Such are the recommendations of Milton M. McAllister, a professor of pathobiology in the College of Veterinary Medicine at the University of Illinois at Urbana-Champaign. He delivered that message at 8:30 a.m., Oct. 19 (2:30 p.m. CDT Tuesday, Oct. 18) in Christchurch, New Zealand, at the 20th International Conference of the World Association for the Advancement of Veterinary Parasitology.
McAllister, also a clinical professor of pathology in the U. of I. College of Medicine at Urbana-Champaign, made his case based on his review of numerous studies on the animal-carried pathogen during the past decade. His review, prepared for the conference, appeared in the Sept. 30 issue of the journal Veterinary Parasitology.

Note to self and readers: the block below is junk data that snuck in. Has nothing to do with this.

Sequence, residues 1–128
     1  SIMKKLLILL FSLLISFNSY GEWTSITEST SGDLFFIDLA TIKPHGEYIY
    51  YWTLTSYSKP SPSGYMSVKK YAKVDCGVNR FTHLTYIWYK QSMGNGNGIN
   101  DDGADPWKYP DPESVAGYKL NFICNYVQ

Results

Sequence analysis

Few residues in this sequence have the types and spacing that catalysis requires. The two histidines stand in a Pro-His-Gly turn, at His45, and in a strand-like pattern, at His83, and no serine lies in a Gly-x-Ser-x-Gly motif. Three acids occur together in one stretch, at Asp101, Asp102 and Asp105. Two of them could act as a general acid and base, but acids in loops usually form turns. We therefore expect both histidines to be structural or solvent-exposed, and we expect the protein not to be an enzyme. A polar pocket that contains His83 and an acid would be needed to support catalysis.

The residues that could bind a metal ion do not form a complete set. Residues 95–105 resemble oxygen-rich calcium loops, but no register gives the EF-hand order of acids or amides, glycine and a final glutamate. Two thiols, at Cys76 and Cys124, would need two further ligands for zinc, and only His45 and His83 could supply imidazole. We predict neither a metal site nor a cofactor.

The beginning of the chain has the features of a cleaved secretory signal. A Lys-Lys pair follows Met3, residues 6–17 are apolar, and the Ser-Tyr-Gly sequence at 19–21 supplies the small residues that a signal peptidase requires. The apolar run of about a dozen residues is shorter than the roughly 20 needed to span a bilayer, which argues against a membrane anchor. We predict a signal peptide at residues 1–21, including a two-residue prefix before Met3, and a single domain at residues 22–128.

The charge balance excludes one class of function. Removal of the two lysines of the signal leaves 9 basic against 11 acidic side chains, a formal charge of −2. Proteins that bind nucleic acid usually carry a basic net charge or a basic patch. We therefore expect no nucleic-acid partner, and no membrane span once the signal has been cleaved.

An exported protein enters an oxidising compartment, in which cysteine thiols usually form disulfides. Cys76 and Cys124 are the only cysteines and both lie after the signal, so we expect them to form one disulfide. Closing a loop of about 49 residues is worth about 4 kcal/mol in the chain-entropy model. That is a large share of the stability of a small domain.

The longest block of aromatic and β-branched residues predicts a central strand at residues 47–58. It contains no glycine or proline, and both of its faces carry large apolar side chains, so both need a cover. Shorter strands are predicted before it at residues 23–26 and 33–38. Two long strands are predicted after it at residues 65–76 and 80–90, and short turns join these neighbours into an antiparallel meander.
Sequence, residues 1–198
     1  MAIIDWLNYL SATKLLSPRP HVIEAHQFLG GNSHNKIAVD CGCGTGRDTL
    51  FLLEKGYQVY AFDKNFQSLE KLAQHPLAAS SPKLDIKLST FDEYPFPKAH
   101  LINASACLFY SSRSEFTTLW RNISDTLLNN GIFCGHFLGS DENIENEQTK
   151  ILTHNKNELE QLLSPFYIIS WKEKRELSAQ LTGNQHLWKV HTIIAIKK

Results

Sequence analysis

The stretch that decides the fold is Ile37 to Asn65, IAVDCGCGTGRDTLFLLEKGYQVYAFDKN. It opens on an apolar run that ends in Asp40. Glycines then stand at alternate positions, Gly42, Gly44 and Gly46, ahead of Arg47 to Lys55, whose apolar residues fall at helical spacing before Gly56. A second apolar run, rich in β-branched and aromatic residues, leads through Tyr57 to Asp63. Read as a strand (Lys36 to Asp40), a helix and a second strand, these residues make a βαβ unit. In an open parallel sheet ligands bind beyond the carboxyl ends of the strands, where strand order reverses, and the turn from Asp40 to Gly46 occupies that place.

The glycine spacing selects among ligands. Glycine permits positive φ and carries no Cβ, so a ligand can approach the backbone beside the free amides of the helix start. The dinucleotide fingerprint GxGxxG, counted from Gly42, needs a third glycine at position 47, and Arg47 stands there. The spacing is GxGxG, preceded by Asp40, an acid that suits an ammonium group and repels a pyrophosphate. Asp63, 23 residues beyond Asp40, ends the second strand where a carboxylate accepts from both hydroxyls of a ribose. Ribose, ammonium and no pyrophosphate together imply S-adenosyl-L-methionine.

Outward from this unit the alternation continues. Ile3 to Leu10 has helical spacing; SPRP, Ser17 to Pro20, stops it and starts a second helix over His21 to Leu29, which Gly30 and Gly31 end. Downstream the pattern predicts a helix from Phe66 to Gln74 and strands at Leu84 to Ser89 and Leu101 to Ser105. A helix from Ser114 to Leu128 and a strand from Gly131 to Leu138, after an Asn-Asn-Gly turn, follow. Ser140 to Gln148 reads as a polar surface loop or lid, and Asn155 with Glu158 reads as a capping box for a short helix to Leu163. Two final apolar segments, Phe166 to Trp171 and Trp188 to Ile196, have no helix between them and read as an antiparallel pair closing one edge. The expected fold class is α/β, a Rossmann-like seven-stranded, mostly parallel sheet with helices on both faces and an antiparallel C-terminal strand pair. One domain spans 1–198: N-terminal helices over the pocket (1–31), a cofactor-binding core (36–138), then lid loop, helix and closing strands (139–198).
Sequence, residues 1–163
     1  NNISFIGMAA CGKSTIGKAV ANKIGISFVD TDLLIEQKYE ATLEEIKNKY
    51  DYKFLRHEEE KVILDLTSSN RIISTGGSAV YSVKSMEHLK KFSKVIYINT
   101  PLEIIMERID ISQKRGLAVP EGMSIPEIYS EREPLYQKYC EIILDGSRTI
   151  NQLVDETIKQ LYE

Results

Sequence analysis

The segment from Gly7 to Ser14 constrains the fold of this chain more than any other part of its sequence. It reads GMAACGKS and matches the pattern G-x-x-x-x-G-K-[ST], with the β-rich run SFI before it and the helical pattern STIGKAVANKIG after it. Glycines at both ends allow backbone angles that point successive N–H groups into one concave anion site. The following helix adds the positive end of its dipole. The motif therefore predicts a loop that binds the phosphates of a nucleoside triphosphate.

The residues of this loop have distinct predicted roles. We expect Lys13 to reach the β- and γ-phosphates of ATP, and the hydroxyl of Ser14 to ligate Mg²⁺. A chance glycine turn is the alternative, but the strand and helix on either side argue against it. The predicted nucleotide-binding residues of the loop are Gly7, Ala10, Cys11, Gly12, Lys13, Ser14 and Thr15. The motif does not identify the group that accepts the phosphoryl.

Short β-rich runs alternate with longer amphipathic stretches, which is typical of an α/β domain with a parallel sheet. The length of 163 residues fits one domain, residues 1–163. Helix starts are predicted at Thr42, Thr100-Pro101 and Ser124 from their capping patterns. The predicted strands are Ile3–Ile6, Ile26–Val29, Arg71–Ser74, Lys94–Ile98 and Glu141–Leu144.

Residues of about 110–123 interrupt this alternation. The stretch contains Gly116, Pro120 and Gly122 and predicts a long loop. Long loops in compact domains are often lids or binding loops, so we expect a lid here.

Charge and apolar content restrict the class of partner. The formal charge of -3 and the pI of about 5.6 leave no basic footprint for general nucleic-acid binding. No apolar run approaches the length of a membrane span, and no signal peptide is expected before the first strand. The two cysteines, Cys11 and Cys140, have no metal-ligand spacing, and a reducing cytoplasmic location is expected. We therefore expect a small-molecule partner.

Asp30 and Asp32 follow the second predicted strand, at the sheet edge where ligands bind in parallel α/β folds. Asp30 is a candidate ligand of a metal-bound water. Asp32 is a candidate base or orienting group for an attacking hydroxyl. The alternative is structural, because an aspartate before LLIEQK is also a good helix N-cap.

"Our profession needs to come to grip with the accumulating body of evidence about the tremendous burden wrought on society by toxoplasmosis," McAllister wrote. "Further research is needed to clarify the association between toxoplasmosis and mental health, but until such time that this association may be refuted, it is my opinion that the current evidence is strong enough to warrant an assumption of validity."
Toxoplasma can infect most warm-blooded animals, as well as humans and birds. Domestic cats and some wild cats are the only animals that can transmit the parasite by shedding the organism in feces. Other animals become infected when they consume the organisms shed by cats. This method of parasite transmission is called fecal-oral, but it doesn't actually mean that feces are directly ingested.
The organisms survive in soil long after feces have decomposed. Dust contaminates paws, fingers, feedstuffs and water, ultimately leading to ingestion by animals and people.